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War & Locale: World War II -- European Theater
Date of Birth:
By Lindsay Fitzpatrick
From the fields of west Texas to the beaches of Normandy, Henry Guerra has fought adverse conditions to succeed. He spent much of his young life under the scorching Texas sun, picking cotton, spinach and radishes, and later participated in some of the most gruesome battles of World War II.
Guerra left school to help support his family. A year later, he was drafted, and in November of 1940, he was inducted into the Army as an infantry soldier. After training at Texas’ Camp Bullis and Fort Sam Houston and Wisconsin’s Camp McCoy, Guerra was deployed to Europe, landing near Belfast, Ireland. He landed on Omaha Beach on June 7, 1944, the day after D-Day.
Guerra remembers the order from Eisenhower over the radio, and preparing to invade France. As he approached the shore, he recalls being told to keep his head down, and another soldier, Jesse Hill, disobeying orders to gaze out toward the shore.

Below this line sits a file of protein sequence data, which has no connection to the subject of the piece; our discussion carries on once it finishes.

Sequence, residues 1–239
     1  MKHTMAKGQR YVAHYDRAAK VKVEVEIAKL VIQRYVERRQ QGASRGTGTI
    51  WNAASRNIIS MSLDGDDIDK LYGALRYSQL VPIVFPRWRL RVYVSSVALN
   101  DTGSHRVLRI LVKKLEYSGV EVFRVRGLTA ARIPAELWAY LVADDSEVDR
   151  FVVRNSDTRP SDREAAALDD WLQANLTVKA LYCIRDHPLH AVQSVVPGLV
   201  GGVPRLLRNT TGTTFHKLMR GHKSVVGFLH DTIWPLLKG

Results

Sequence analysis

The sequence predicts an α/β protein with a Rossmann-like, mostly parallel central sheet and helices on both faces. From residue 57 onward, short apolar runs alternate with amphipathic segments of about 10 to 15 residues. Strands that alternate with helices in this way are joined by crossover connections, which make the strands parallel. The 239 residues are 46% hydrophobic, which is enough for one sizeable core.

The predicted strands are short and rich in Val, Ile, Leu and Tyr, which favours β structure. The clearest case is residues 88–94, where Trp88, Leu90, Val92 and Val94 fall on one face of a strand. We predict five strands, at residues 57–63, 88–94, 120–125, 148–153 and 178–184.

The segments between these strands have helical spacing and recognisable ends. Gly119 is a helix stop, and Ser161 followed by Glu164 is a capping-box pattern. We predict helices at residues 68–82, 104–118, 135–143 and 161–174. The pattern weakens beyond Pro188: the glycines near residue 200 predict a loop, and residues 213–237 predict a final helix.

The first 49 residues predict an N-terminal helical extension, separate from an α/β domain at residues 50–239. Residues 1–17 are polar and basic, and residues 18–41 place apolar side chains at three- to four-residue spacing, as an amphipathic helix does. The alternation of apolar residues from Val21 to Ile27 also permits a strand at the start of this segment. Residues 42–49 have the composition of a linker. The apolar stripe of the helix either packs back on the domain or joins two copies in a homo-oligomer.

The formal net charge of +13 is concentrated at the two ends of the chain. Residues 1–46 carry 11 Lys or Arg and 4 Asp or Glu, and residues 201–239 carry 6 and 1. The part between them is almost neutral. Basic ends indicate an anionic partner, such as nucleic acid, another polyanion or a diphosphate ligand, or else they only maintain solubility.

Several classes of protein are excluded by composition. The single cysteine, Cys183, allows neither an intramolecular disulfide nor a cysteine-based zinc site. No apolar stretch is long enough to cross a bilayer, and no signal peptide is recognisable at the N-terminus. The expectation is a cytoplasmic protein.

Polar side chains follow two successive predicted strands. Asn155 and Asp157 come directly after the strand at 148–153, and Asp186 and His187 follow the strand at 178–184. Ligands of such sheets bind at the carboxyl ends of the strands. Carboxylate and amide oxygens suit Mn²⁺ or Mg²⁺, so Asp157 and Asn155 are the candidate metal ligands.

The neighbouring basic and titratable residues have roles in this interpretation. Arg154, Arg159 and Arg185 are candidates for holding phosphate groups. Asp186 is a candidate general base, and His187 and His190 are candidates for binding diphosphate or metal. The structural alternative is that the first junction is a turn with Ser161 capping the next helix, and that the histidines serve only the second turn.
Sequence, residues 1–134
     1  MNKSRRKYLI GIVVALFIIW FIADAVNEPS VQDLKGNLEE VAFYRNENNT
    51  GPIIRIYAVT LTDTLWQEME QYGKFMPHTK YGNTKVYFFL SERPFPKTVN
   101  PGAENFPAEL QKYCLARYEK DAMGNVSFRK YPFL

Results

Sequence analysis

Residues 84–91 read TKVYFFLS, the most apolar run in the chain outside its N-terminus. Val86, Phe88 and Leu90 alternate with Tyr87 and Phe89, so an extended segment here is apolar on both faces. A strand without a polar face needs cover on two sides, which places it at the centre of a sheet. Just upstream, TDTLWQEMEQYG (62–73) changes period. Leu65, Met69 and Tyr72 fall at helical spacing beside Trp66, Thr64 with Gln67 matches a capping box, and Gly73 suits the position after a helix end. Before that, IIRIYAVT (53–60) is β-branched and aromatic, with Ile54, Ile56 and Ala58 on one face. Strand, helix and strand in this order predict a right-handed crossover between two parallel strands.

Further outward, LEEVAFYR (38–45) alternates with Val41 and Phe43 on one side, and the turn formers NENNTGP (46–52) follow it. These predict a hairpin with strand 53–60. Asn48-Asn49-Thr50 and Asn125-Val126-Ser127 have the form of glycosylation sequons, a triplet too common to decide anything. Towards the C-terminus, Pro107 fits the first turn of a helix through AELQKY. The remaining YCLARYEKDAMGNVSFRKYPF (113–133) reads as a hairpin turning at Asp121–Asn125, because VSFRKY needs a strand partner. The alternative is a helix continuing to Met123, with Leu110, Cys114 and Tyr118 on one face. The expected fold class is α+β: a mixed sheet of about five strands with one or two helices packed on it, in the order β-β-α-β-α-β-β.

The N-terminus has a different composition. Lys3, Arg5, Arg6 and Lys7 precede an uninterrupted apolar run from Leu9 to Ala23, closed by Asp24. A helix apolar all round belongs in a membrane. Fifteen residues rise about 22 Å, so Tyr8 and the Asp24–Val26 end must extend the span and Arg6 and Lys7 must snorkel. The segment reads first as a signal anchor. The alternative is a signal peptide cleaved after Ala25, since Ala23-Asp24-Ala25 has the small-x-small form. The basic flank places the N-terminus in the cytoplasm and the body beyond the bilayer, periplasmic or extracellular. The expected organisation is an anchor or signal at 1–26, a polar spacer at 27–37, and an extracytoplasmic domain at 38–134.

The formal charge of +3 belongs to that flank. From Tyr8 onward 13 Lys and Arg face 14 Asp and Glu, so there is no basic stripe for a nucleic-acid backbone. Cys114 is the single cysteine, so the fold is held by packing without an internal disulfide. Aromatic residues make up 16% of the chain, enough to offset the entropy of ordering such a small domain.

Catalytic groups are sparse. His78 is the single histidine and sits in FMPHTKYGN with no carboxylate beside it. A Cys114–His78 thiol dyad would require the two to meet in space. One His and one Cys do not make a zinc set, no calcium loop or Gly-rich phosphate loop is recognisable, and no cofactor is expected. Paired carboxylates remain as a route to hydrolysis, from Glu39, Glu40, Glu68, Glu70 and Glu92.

He saw explosions and carnage everywhere as he approached the beach.
Normandy, however, was only the beginning; Guerra continued fighting with the 38th Infantry Regiment until the war's end.
He kept a journal detailing his service. Though filled with horrific, graphic images of death and destruction, a Bible passage urging faith and love is on the cover. Guerra says memories of the war haunted him well into his civilian life.
He was discharged in June of 1945, having earned the Purple Heart, three Bronze Stars and a host of other medals.
Guerra returned to Texas and earned his GED. He then began a career in civil service. He worked as a storekeeper and later as an industrial engineer.
Mr. Guerra was interviewed in San Antonio, Texas, on November 6, 2004, by Brenda Sendejo.